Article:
Genes and Poems: Creating Form and Meaning
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What is a gene? What is a poem? This program aims to investigate parallels and intersections between the basic units of life and language. What is the relationship between meaning and form? What elements do a gene and a poem need to be effective? What are the properties of translation, transcription, interpretation and rendering, and how do they affect access and meaning? How do we measure when a form is complete?
In this program we will explore genes and poems as separate and connected entities. In the process we will consider how we create meaning and connections through processes such as parallelism, allegory, and metaphor. In poetry this will include reading and writing of literary, spoken-word and experimental forms, including free verse and patterned poems ranging from rhymed couplets to the more intricate villanelles and sestinas. Revisions to our original poems will be heavily emphasized. We will also participate in local poetry events, such as spoken-word performances and literary poetry readings. In biology we will examine the history of the gene, a term that has changed its meaning from an abstract particle of inheritance, to a unit of DNA sequence encoding a protein to a script for synthesizing imagined new functions. We will introduce the principles of genetics and molecular biology and carry out experiments in the laboratory.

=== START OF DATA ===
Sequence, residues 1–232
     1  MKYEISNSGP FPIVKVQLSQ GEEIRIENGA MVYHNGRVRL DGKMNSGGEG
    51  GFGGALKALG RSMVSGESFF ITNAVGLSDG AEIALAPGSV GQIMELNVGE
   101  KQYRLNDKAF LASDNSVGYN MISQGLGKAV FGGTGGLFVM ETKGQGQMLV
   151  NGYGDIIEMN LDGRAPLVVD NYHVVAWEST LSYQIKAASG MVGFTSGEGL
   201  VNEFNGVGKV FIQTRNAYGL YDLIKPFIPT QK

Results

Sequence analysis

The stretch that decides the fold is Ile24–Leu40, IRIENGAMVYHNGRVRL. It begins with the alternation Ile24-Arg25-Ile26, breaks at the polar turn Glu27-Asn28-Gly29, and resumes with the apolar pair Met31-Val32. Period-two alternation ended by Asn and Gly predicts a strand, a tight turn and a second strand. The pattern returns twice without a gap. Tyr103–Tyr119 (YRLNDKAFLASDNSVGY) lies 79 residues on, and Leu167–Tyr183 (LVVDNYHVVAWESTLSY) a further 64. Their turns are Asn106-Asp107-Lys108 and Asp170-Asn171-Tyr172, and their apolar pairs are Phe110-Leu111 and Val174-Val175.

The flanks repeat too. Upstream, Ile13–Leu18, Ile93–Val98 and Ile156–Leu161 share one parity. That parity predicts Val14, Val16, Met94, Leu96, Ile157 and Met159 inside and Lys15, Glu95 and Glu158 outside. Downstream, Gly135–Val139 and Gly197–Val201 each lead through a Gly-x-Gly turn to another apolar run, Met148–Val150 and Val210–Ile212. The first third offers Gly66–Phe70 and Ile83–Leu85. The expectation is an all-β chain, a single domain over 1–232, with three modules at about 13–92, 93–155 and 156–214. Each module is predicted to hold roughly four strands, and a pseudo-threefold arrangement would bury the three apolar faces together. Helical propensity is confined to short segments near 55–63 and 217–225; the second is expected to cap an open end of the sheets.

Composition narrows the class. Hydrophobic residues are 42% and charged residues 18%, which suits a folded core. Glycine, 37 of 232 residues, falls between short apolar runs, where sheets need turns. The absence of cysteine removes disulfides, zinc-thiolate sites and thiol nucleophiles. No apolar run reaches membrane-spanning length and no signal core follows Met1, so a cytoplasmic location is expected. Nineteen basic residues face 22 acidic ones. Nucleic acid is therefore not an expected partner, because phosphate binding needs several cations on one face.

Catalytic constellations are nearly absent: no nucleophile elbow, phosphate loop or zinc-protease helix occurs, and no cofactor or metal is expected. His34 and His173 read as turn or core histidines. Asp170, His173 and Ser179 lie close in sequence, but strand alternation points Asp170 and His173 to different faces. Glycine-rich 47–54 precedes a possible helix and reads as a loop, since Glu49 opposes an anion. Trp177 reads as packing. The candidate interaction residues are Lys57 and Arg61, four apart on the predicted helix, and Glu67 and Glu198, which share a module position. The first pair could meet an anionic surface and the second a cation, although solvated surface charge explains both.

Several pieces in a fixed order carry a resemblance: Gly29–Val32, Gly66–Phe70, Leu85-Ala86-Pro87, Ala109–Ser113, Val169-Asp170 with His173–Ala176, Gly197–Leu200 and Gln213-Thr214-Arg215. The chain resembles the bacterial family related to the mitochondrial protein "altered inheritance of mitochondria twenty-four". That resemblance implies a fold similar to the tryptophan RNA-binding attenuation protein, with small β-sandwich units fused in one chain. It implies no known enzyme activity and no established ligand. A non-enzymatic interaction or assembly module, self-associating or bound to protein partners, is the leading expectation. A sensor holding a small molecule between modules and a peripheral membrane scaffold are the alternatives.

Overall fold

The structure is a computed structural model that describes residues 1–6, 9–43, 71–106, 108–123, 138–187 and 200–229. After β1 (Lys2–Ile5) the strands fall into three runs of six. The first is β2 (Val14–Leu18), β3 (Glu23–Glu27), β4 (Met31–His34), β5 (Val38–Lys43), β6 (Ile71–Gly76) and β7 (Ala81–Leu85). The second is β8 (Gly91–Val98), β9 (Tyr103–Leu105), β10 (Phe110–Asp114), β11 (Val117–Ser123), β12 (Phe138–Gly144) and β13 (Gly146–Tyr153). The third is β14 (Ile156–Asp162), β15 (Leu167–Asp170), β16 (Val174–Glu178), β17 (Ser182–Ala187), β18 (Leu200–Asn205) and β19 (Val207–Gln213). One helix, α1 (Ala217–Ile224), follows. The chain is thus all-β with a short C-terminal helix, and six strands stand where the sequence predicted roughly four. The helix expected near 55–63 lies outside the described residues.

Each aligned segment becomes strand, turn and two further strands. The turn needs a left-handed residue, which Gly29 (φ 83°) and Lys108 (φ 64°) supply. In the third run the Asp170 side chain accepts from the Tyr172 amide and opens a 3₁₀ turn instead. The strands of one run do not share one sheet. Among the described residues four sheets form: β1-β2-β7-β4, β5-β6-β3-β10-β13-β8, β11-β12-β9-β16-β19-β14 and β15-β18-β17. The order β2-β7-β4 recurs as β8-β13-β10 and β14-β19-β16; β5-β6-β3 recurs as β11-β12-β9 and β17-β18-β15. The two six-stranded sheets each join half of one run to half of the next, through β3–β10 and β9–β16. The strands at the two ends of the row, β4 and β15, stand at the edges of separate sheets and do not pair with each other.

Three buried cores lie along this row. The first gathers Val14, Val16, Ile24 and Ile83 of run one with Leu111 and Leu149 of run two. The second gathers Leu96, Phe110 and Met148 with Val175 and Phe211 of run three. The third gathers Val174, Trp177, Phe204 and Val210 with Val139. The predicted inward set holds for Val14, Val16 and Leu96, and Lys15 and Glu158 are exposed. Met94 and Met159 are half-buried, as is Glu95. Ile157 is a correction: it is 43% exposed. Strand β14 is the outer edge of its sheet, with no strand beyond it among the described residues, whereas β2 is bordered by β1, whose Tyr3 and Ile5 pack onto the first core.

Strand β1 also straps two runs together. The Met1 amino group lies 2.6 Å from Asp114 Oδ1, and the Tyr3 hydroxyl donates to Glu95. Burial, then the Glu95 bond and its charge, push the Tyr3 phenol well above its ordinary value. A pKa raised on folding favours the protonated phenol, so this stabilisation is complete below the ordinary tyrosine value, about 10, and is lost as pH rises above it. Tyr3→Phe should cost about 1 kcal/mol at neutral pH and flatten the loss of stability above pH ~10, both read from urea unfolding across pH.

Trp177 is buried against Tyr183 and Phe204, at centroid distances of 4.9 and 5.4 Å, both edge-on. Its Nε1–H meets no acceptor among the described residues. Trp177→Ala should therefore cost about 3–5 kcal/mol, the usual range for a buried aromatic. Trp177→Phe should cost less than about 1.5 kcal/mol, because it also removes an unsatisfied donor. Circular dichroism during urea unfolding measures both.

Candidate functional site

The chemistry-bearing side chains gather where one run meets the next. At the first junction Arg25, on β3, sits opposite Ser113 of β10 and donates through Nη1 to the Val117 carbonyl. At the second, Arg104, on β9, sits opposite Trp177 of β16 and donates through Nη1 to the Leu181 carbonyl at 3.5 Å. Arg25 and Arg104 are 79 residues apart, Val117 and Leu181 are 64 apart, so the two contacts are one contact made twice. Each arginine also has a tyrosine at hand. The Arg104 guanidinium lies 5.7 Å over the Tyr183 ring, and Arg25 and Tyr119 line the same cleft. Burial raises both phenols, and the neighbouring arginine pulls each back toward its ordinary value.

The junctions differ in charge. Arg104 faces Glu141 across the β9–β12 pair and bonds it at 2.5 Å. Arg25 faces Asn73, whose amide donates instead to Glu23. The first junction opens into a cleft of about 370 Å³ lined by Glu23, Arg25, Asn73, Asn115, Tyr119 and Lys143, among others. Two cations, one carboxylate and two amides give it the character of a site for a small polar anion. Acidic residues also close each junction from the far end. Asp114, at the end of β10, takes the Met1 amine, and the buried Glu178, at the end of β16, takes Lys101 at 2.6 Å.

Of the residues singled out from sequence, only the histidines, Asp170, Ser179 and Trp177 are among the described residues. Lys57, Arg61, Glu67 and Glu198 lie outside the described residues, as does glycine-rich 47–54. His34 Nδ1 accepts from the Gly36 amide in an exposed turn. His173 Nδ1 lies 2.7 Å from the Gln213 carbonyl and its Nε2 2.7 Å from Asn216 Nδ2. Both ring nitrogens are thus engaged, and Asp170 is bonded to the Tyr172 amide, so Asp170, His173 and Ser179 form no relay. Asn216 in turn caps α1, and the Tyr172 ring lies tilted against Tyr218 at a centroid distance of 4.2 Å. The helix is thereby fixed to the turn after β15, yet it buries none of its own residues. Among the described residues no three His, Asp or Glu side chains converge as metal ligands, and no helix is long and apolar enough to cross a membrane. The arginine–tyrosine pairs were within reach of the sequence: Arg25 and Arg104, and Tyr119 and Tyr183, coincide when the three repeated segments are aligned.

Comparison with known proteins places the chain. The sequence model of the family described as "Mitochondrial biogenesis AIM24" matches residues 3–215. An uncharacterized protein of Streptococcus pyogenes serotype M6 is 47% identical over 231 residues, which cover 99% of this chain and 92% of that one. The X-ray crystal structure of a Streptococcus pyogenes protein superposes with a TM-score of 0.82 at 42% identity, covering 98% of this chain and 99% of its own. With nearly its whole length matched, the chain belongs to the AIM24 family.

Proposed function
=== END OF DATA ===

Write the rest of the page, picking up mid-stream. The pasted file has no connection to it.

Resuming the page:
Program activities will include lectures, workshops, labs, field trips, guest speakers, and films. Student learning will be assessed by a program portfolio, writing assignments, exams, formal reading of original poems or spoken-word pieces, and a lab notebook. Credits equivalencies may be awarded in introductory biology and introductory poetry.
This offering will prepare you for careers and advanced study in:
biology, poetry and literary arts, and education.
Class Size: 35
50% Reserved for Freshmen
Scheduled for: Day
Located in: Olympia